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Report blames officials for abuse of detainees

Says Rumsfeld, others at fault for offenses

By Joby Warrick
Washington Post / December 12, 2008
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WASHINGTON - A bipartisan Senate report released yesterday says that former Defense secretary Donald Rumsfeld and other top Bush administration officials are directly responsible for abuses of detainees at Guantanamo Bay, Cuba, and charges that decisions by those officials led to serious offenses against prisoners in Iraq and elsewhere.

The Senate Armed Services Committee report accuses Rumsfeld and his deputies of being the principal architects of the plan to use harsh interrogation techniques on captured fighters and terrorism suspects, rejecting the Bush administration's contention that the policies originated lower down the command chain.

"The abuse of detainees in US custody cannot simply be attributed to the actions of 'a few bad apples' acting on their own," the panel concludes. "The fact is that senior officials in the United States government solicited information on how to use aggressive techniques, redefined the law to create the appearance of their legality, and authorized their use against detainees."

The report, released by Senators Carl Levin, Democrat of Michigan, and Republican John McCain of Arizona, and based on a nearly two-year investigation, said that both the policies and resulting controversies tarnished the reputation of the United States and undermined national security. "Those efforts damaged our ability to collect accurate intelligence that could save lives, strengthened the hand of our enemies, and compromised our moral authority," it said.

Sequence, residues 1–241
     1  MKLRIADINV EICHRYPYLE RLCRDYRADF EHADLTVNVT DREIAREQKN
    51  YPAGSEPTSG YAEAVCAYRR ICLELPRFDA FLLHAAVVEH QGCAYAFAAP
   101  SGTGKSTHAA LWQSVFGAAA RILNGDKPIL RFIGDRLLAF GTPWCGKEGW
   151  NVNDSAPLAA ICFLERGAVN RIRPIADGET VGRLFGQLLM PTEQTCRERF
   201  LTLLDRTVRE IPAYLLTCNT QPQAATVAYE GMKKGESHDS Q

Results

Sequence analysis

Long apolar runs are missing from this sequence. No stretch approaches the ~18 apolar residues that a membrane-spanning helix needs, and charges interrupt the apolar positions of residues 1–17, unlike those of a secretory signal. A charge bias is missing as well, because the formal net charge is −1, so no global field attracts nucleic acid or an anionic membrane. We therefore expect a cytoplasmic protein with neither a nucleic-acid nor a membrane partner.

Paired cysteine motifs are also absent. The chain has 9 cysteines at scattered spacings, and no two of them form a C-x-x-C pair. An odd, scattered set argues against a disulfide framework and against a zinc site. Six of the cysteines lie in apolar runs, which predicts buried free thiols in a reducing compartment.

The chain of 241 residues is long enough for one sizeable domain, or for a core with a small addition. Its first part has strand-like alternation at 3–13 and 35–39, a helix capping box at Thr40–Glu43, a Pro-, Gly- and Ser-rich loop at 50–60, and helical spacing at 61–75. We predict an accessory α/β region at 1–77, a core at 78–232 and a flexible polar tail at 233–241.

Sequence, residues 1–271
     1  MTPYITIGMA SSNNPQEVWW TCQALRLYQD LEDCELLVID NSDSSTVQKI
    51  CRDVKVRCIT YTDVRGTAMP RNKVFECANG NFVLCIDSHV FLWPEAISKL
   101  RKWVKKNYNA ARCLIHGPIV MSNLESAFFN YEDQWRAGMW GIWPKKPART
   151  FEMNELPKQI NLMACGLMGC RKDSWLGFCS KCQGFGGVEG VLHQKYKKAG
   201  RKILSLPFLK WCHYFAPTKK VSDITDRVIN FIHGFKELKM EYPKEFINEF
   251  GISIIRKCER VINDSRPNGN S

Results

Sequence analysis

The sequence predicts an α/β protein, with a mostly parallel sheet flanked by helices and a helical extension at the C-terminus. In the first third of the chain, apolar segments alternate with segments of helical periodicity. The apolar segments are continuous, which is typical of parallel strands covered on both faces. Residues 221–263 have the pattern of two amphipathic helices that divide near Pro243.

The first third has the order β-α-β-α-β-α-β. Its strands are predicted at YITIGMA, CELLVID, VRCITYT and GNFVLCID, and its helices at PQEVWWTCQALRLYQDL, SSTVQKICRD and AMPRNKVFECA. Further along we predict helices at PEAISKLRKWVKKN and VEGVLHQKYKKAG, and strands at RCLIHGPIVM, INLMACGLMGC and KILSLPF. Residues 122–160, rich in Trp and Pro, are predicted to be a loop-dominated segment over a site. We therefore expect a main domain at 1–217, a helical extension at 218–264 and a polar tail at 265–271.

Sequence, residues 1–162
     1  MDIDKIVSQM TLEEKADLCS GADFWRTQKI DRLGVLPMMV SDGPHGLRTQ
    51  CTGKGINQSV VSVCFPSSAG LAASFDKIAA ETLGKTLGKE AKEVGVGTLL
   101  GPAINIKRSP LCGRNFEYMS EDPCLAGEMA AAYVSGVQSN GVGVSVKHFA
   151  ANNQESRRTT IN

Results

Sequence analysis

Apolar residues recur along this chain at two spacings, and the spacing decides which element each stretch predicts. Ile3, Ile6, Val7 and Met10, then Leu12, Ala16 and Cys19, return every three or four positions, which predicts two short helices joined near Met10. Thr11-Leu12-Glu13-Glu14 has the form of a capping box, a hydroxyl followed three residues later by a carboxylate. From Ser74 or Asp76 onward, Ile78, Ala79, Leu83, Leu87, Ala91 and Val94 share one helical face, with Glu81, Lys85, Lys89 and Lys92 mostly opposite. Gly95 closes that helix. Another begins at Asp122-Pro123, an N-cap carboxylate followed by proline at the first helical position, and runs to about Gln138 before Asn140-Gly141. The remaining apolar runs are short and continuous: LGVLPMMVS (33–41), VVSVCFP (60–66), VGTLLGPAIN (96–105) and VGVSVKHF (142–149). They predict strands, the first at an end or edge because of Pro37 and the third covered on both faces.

The panel's investigation focused on the Defense Department's use of controversial interrogation practices, including forced nudity, painful stress positions, sleep deprivation, extreme temperatures, and use of dogs. The practices, some of which had already been adopted by the CIA at its secret prisons, were adapted for interrogations at Guantanamo Bay and later migrated to US detention camps in Afghanistan and Iraq, including the infamous Abu Ghraib prison.

"The committee's report details the inexcusable link between abusive interrogation techniques used by our enemies who ignored the Geneva Conventions and interrogation policy for detainees in US custody," McCain, a former prisoner of war in Vietnam, said in a statement. "These policies are wrong and must never be repeated."

White House officials have maintained the measures were approved in response to demands from field officers who complained that traditional interrogation methods weren't working on some of the more hardened captives. But Senate investigators, relying on documents and hours of hearing testimony, had a different conclusion.

The true genesis of the decision to use coercive techniques, the report said, was a memo signed by President Bush on Feb. 7, 2002, declaring that the Geneva Conventions' standards for humane treatment did not apply to captured Al Qaeda and Taliban fighters. As early as that spring, the panel said, top administration officials, including National Security Adviser Condoleezza Rice, participated in meetings in which the use of coercive measures was discussed.

The panel drew on a written statement by Rice earlier this year.

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